this isn't to say that KG has had overwhelming success over the years. ANY superstar needs a decent foundation of players to build on - and most of those Minny teams were god awful. stick him with 1-2 all stars and we can see him really shine. stick players of the (i) category with any team and you'd hardly notice a difference in their output. maybe a bit more bitching to the media, but not much peformance wise

Anonymous Anonymous said...
Anonymous 1: Good point right back. I'm just saying 21-27 would qualify as "decent" to any player. Mr. Garnett would agree. He's been on some stinker teams - what I have to wonder now is...were the players around him in Minnesota so abysmally bad that his presence made no difference at all?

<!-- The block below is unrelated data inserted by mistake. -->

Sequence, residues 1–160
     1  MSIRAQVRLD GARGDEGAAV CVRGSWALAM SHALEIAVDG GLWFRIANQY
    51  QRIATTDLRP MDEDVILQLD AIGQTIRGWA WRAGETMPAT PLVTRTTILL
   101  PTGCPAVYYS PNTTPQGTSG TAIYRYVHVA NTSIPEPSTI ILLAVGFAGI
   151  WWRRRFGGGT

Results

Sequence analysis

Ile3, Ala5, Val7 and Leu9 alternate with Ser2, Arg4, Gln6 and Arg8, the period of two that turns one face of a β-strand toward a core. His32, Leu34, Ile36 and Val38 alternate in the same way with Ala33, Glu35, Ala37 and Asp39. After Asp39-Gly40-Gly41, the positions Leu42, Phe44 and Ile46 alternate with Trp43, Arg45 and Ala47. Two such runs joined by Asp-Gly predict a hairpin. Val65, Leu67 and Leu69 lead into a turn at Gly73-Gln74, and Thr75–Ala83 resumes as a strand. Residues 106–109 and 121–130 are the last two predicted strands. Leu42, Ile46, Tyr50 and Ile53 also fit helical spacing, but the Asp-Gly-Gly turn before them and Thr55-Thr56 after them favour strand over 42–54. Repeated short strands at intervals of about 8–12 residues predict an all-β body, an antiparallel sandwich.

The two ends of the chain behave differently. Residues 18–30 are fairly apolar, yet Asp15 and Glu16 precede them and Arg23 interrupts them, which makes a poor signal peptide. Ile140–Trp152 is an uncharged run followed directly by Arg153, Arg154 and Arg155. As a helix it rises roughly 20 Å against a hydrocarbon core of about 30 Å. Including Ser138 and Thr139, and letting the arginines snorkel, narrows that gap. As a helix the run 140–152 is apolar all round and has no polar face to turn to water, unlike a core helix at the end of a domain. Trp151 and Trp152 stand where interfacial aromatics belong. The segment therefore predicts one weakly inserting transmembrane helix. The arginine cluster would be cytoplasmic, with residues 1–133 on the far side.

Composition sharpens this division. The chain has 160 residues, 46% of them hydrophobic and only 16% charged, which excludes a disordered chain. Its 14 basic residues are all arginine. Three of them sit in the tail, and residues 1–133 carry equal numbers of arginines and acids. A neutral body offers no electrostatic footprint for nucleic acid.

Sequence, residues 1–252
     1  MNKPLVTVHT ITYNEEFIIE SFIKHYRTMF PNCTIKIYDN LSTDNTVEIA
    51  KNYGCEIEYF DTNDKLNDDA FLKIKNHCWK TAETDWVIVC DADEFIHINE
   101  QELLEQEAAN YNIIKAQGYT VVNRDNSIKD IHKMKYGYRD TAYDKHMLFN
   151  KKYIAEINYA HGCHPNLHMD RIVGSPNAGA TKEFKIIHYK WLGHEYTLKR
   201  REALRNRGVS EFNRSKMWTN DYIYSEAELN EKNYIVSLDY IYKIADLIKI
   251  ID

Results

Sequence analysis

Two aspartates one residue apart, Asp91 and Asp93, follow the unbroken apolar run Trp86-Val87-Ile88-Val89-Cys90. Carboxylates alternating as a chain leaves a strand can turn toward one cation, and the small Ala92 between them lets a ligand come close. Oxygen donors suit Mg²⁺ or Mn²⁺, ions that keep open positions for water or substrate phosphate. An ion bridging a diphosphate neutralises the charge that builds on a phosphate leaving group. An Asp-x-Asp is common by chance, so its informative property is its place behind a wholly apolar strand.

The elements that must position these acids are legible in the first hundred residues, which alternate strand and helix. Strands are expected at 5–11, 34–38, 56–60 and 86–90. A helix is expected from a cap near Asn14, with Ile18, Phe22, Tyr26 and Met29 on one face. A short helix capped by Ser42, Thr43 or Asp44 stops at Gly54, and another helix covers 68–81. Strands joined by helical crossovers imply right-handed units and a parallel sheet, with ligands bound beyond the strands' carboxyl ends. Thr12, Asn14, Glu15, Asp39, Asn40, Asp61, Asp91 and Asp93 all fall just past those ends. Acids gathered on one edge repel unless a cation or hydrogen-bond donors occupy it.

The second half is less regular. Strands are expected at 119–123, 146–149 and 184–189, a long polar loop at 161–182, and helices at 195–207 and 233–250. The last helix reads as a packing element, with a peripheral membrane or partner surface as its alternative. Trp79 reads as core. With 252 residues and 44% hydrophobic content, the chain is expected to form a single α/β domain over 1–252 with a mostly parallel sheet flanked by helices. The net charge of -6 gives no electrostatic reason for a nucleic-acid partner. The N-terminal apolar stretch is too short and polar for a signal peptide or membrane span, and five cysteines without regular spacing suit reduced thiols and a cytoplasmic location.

Anonymous 2: Outstanding comments. Nice analysis. Way to crystalize it....as for "after-game-hooker-and-blow-party-game-winning-shot glory," I'm now officially proud to be a part of this comment string.

Anonymous Anonymous said...
I respect your analysis, but Garnett isn't all class.....The T-Wolves did a good job of covering up his classless sucker punch on a potential teammate who schooled him in a one on one game during practice. (you can look it up)

also, I can't see the Celtics getting past the Spurs, but they are still a good team this year.

Blogger stephanie g said...
I have all the love in the world for Duncan, but at this point the Spurs could win rings without him. It would be more difficult, but they're just too deep.

One thing which ultra-competitive alpha male players like MJ, Duncan, and Garnett bring to the table is that they light a fire under their teammates. They won't accept half hearted play and they make sure everyone stays focused down the stretch.